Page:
have: • high degree of surprise • whose consequences were not severe • and look closely at the details about what went into making it not nearly as bad as it could have been • protect and acknowledge explicitly the sources you find
  28. indications of surprise and novelty <murphy> wtf happened here <steve>

    I have no idea what is going on <laurie> well that's terrifying
  29. indications about contrasting mental models <laurie> so you want to

    rebuild {server01} first? <laurie> neither box has been touched yet <laurie> and im a tad nervous to do both at once <lisa> wait wait, i thought the X table was small <jeremy> I'm still a bit confused why B and A are different if A got to 0 and B is still at 3099 <tim>: oh I see.. the retry interval is pretty aggressive
  30. why not look at incidents with severe consequences? • scrutiny

    from stakeholders with face-saving agenda tend to block deep inquiry • with “medium-severe” incidents the cost of getting details/descriptions of people’s perspectives is low relative to the potential gain • “Goldilocks” incidents are the ideal
  31. initiative 1. the ability of a unit to adapt when

    the plan no longer fits the situation, as seen from that unit’s perspective; 
 2. the willingness (even the audacity) to adapt planned activities to work around impasses or to seize opportunities in order to better meet the goals/ intent behind the plan; and 
 3. when taking the initiative, the unit begins to adapts on its own, using information and knowledge available at that point, without asking for and then waiting for explicit authorization or tasking from other units.
  32. case of brittleness • 2010 Knight Capital collapse incident •

    new changes deployed to participate in a new market • unexpected algorithmic mechanisms led to unbounded automated trading activity • team rolls back changes, situation gets much worse • team did not believe it had authority to halt system • $440M loss in ~20 minutes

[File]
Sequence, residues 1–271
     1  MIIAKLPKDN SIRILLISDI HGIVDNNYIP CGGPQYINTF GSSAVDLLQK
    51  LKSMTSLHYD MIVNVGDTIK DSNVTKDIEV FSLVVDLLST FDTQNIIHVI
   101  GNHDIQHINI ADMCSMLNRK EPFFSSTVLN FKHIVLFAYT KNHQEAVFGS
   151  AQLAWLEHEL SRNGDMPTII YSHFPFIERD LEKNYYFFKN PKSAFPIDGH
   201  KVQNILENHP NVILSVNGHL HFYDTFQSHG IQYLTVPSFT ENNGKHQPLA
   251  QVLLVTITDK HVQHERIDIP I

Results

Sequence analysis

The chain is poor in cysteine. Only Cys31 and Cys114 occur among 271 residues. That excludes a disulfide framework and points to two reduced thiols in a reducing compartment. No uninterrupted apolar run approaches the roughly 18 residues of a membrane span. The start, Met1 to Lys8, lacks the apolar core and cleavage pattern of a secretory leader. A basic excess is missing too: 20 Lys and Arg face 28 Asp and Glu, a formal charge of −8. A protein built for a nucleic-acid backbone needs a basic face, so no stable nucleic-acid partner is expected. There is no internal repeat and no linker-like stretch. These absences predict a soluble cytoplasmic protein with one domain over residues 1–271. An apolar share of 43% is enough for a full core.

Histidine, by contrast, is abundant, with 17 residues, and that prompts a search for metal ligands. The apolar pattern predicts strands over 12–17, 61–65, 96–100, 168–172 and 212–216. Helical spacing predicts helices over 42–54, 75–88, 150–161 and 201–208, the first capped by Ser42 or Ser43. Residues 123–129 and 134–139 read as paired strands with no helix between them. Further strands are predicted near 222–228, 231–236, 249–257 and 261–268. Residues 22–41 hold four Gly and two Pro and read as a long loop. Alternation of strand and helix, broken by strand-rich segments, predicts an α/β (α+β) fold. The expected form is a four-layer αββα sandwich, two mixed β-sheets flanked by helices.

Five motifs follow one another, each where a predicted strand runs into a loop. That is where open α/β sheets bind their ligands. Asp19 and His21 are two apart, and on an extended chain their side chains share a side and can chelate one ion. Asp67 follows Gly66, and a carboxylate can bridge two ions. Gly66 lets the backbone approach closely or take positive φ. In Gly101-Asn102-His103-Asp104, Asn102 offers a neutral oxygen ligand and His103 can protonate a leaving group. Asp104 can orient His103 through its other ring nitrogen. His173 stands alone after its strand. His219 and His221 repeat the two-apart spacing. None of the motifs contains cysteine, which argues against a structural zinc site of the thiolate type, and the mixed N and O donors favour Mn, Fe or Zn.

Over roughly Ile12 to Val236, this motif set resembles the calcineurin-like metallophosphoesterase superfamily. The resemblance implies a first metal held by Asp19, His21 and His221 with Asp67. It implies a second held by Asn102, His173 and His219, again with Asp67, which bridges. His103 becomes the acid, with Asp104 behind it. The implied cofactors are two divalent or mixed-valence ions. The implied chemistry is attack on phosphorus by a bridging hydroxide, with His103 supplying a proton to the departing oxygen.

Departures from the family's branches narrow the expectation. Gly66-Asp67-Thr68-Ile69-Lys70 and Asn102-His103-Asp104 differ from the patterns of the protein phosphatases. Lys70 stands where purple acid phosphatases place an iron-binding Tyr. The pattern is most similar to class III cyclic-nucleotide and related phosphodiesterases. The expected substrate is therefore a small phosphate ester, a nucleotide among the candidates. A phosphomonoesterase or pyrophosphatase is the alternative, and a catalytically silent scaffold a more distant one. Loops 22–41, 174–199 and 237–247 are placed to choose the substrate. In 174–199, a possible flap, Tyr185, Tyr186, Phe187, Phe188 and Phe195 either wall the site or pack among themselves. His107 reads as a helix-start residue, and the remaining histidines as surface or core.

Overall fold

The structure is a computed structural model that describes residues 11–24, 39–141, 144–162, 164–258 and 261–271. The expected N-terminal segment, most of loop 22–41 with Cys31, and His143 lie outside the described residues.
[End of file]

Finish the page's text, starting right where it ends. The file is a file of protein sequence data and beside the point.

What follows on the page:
33. in responding to an incident… • do you have access

    to contact details for everyone in your organization? • what actions do you need permission to take? • what repercussions exist for “violating” procedures or compliance rules? • can you anticipate what “neighboring” teams may need in the future that you have (expertise, staff, resources, etc.) and can donate to them before they need it, even if it sacrifices some of your local goals?
  34. Can resilience be engineered? Maybe! We think so! Not entirely

    sure how yet, exactly.
  35. Challenges to DevOps+SRE communities w.r.t. Resilience Engineering

  36. Challenges • Inertia towards the status quo, oversimplifications • Chronic

    inability to learn from other domains • Technofetishization and automation naïvety
  37. The Status Quo Beliefs • Tyranny of metrics and "shallow

    data" • Under-investment in real incident analysis expertise • Oversimplified methods such as one-size-fits-all postmortem templates
  38. • “mean time to X” numbers are negotiated, not objective

    • all incident data is reactive and scoped to unwanted events; they tell us nothing about wanted situations • “trending” these numbers tell us nothing about learning, prevention, expertise, proactiveness, or adaptive capacity. Inconvenient realities of shallow data
  39. Bottom Line, Revisted • Resilience Engineering is a nascent field

    aiming to create and sustain conditions where resilience can manifest productively. • Resilience is something a system (your organization, not your software) does, not what it has. • Resilience is sustained adaptive capacity, or continuous adaptability to unforeseen situations. • Our world (software) has opportunities to further the state of the field, but face real challenges.
  40. Thank You! @allspaw Resilience Is A Verb (Woods, 2018) http://bit.ly/ResilienceIsAVerb

    Stella Report http://stella.report https://www.adaptivecapacitylabs.com/blog @AdaptiveCLabs SRE Cognitive Work (chapter in Seeking SRE, O’Reilly Media) http://bit.ly/SRECognitiveWork How Complex Systems Fail (Cook, 1998) http://bit.ly/ComplexSystemsFailure